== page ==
City council voted unanimously Monday not to use online voting in next year’s municipal election. Council heard from the community in presentations and correspondence on the issue. Urs Hengartner, associate professor of computer science at the University of Waterloo, studies secure voting systems. In a letter to council, he expressed concern about the security of an online voting system. “Internet voting introduces even more risks, such as computer viruses, denial-of-service attacks, or vote buying or selling,” he said. “On the other hand, the claimed advantage of internet voting, higher voter turnout, still needs to be proven in practice, and results so far have been mixed.”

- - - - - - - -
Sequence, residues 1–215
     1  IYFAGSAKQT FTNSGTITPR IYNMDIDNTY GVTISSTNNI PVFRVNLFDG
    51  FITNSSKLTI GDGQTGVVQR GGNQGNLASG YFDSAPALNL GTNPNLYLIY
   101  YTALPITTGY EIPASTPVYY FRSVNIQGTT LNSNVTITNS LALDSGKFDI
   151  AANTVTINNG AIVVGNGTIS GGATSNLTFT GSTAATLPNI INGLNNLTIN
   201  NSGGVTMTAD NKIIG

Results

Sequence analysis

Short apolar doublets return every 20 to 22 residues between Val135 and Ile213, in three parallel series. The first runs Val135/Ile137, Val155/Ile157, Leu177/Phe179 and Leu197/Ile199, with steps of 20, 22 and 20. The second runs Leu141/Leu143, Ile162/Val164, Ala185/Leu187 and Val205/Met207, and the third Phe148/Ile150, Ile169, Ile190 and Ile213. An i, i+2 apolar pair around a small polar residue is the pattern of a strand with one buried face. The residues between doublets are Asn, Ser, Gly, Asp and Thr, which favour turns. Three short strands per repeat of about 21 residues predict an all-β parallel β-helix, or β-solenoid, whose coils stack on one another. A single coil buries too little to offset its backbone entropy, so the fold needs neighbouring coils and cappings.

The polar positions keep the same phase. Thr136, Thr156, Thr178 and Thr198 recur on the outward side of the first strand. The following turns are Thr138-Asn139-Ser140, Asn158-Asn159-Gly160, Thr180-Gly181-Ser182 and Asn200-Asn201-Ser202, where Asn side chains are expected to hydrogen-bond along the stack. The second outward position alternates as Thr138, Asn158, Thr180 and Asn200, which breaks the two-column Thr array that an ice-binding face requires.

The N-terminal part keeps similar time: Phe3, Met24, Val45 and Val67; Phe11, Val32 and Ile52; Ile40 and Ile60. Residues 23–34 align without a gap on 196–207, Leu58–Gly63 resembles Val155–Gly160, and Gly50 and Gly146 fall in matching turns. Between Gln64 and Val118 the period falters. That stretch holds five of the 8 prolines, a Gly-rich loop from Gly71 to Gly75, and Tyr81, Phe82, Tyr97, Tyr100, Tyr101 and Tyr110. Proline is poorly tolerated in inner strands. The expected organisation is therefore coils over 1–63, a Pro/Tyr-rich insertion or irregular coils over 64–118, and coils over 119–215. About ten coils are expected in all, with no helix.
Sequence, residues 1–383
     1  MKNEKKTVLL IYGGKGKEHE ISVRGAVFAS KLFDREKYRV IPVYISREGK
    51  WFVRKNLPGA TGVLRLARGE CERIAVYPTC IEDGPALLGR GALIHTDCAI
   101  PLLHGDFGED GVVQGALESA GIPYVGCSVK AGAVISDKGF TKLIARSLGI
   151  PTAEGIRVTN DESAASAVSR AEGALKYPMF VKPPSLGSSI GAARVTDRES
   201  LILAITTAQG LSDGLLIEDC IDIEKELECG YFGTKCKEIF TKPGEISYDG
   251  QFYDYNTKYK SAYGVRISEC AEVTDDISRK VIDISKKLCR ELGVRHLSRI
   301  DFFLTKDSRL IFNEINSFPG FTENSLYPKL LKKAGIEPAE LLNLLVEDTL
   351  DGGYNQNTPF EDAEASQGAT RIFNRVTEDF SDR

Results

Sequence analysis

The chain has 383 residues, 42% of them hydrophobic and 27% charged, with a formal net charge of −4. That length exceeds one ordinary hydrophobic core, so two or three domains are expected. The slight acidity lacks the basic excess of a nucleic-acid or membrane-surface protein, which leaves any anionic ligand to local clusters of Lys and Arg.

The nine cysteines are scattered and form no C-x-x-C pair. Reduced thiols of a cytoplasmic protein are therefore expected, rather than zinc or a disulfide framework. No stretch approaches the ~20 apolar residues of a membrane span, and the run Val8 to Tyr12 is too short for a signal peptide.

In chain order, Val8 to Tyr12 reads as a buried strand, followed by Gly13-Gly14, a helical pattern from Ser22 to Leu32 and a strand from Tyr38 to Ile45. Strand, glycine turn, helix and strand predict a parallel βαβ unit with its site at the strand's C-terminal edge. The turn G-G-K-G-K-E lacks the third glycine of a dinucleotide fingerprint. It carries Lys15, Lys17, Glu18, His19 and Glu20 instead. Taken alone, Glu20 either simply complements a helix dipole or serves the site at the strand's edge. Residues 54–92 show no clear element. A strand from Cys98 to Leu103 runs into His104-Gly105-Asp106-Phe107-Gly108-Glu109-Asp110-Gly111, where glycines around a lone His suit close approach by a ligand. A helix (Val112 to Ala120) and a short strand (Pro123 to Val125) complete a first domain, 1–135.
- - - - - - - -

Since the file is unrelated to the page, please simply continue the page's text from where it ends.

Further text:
Others spoke their support. “Waterloo Region Barnraisers’ Council support electronic voting for a variety of reasons related to technology, social issues, and election administration,” the group said in a letter. “We would like to see municipalities within Waterloo Region take a leadership position in the introduction of these important evolutionary electoral processes.”
According to a staff report, research from Burlington, Markham, Peterborough and Stratford shows no link between online voting and turnout. In Burlington, about two per cent of eligible voters used the internet. Between 4.5 and 6.5 per cent voted online in Markham between 2003 and 2010.
Voter turnout varied. In Peterborough, between 6.6 and 7.2 per cent voted online in the 2006 and 2010 elections. The majority of online voters were between the ages of 45 and 65, and staff said there was little change in student turnout.
Source: Waterloo rejects online voting.